Rad Educators is a 1 year program intended to help beginner artist learn step-by-step techniques from professional artists across different mediums. This is in no way sponsored or promoted by any particular Art Brand.
Nilisha Phad is Rad Educator for Oil Painting - Portrait
Oil painting is the most traditional and classical medium of painting for centuries. It lasts for years and years when preserved. It is also the most technical medium to work with. A knowledge of pigments and their nature is required. Time, layering and brushing are important factors while painting in oil. Different artists approach oil paints with their own individual experiences and comfort. There are many different steps and methods of an oil painting. The following steps represent how I personally work with this medium. These steps can be stretched over a time duration ranging from 1 day to as long as 1 month. They are a summary of the long journey of painting an oil painting. Step 1: Tinting The purpose of tinting the canvas with a colour close to the skin tone or a temperature colour like green is to reduce the disturbance caused by the stark white surface. The colour of the canvas can be used to one’s advantage in the portrait. Step 2: Charcoal Block sketch A “ block “ sketch is a sketch which uses thick strokes to cover and separate areas of shadow and light. As opposed to a line drawing, a block sketch helps to study the dimensions of the model/ subject.
Step 3: Acrylic fixing Drawing with an acrylic colour helps in fixing the sketch and preparing it for the oil paint layering. Acrylic, being a water-based medium does not get affected by the oil paint and stays intact, ensuring that the further work stays within the correct framework of the initial sketch.
Step 4: First wash The first wash is the most important wash when painting a portrait. It is important to use only transparent colours for the wash. Using an opaque colour can make the painting dull and muddy. This wash is a placing of colour tones that exist “below” the final highlights of the portrait. This wash determines 80% of how the final portrait is going to look and it’s the colour scheme. When giving this wash, a clear separation of shadows, light and dimensions is crucial.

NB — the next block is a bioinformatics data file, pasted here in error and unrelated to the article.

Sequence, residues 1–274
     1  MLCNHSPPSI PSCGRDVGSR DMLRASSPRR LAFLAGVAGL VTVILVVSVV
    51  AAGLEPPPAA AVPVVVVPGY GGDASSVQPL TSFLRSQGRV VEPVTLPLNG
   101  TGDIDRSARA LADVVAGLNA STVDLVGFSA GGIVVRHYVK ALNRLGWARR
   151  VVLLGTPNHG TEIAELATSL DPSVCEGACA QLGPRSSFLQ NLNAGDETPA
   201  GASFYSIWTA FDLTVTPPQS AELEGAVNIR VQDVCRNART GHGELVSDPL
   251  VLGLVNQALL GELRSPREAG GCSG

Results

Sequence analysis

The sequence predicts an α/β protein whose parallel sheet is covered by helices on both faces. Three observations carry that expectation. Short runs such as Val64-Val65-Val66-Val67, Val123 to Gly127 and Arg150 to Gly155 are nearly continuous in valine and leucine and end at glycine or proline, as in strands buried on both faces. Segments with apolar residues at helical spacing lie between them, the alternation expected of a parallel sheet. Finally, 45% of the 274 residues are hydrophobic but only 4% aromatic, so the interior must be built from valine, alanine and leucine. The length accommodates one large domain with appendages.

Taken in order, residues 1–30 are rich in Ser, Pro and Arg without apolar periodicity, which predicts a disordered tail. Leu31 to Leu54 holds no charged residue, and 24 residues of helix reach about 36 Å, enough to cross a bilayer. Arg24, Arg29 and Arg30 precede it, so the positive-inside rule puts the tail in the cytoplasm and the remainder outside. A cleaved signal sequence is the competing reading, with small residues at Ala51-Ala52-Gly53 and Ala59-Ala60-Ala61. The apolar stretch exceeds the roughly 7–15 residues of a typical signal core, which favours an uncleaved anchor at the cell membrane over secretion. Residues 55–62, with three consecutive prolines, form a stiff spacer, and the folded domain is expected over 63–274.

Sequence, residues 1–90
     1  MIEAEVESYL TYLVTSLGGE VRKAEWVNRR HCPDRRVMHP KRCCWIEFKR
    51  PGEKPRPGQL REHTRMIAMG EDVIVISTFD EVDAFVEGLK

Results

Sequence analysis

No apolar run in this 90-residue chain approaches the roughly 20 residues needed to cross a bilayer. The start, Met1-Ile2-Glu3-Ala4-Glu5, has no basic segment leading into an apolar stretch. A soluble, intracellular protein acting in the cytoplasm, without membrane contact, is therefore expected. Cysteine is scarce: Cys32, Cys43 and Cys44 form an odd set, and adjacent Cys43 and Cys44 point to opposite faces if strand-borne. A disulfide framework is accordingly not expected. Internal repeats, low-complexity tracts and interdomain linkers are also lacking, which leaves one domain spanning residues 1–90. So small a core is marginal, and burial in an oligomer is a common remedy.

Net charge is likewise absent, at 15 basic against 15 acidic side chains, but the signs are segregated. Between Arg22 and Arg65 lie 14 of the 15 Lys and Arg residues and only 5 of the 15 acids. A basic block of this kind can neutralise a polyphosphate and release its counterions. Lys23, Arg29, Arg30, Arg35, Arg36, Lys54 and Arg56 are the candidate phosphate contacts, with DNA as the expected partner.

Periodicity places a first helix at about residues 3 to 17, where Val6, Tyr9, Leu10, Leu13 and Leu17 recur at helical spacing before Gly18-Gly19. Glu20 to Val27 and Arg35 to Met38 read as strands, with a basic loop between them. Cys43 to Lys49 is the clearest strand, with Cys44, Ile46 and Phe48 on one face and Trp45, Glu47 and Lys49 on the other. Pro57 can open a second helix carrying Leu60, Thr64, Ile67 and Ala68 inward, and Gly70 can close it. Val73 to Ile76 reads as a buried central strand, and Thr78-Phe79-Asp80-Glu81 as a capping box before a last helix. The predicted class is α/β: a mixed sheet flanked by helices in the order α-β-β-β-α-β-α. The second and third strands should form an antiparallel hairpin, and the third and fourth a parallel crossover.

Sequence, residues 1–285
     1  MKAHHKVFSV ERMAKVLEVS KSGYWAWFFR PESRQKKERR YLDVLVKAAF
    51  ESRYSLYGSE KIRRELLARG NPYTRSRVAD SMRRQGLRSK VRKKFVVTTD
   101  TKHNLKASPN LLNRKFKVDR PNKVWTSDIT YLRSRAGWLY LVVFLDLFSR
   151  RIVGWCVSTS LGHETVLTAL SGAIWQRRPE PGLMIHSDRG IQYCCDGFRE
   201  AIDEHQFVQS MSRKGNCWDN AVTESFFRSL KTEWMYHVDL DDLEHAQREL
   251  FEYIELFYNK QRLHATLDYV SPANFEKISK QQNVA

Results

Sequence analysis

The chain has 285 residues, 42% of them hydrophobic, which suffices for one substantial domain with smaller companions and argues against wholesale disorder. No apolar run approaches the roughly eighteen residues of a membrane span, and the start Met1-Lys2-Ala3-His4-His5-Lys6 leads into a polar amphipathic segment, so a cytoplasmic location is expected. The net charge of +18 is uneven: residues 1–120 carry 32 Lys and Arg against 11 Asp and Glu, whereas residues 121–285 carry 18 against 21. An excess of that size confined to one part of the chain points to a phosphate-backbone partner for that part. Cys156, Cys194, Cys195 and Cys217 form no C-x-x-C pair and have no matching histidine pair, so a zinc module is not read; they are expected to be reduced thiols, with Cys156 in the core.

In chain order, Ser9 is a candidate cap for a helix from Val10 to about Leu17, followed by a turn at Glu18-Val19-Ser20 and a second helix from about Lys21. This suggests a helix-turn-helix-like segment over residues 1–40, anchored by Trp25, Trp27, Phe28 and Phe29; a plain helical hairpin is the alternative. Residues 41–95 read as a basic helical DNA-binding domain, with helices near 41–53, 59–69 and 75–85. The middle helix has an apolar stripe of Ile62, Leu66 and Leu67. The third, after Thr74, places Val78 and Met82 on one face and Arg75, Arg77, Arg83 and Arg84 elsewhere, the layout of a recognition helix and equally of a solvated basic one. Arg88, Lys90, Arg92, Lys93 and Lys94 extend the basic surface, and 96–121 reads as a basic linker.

Step 5: Building and finalizing
Further, building the “groundwork” is important. The “ground” is nothing but creating dimensions through tones. These colours are the light -middle, middle-dark and dark tones. Ensure that these colours use minimal amount of “ white “ colour. They are the framework for the final highlights. Without the ground, the final “light” highlights would look harsh and misplaced. Using “ Naples Yellow” instead of just plain white is recommended for the colour tones in the final highlights.
Finalizing the portrait is paying attention to the details such as eyes, final lights on the forehead, the tip of nose, lips, cheekbones and hair. The most important thing to remember is to control the urge to paint these details in any of the previous stages. This should be done only on completion of the previous stages. Lastly, practising these steps while painting from a 3-dimensional Live model rather than a 2D photograph is important. Also, copy of masterworks by artists from the renaissance and baroque period can increase the practical knowledge of these stages. Connect with her - Instagram